The Manhattan and T-Rex tests were the most favorable and overall, it shows that you should be able to play most mobile games at a decent frame rate.
Lastly, I ran the 3DMark benchmark and specifically the Slingshot test: the score was 3527 which apparently places the Tank2 somewhere near the iPhone 12 Pro Max, which is not bad, I guess. But let’s see how the smartphone behaves with some actual games. I first installed the game that plays itself, Asphalt 9 and, as expected, it worked well – no stutters or freezes.
I dislike mobile games with a passion, so I quickly installed Steam Link to stream some games from my PC and, to my shame, I still haven’t installed anything else than Tomb Raider. So check out a minute of the character moving around the forest aimlessly – you really need a controller since it’s not a pleasant experience to use the screen. The point that I am trying to make is that you can play games on the Unihertz Tank2 without experiencing any type of issues.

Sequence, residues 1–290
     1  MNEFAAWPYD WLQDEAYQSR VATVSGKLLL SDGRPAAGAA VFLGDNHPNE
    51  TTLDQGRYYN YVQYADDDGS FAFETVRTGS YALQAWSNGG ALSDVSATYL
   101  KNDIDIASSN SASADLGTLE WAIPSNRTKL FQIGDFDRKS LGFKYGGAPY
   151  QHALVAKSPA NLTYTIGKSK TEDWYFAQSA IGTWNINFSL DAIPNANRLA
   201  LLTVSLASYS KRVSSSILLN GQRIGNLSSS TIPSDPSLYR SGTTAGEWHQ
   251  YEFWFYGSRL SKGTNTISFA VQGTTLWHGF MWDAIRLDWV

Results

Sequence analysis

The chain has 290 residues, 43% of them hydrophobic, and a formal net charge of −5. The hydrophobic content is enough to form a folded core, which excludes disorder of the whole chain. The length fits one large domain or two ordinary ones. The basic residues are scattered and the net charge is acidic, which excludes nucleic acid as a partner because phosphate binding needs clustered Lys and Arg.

The Software and Support
The smartphone uses Android 13 which is excellent, but let’s check out its one-year old predecessor, has it transition to the newer Android version? No. Well, as I anticipated, you’re not going to see an upgrade to the the latest Android version, so the Tank2 will most likely remain on Android 13 indefinitely. That being said, the Android is pretty much stock, but there are a few apps which are actually useful, so I won’t classify them as bloating.
There’s the Underwater Camera and ZazaRemote for IR remote controls. And there’s also the Toolbox suite of apps which contain various useful software, such as the height measurement app, the Plumb blob, the Protractor, the Pressure measurement and more. They’re apps useful for construction workers and for people that go on camping, the two main targeted audiences. The Projector also has a dedicated option in the Settings area, as well as in the Quick access menu (slide from the top to access it).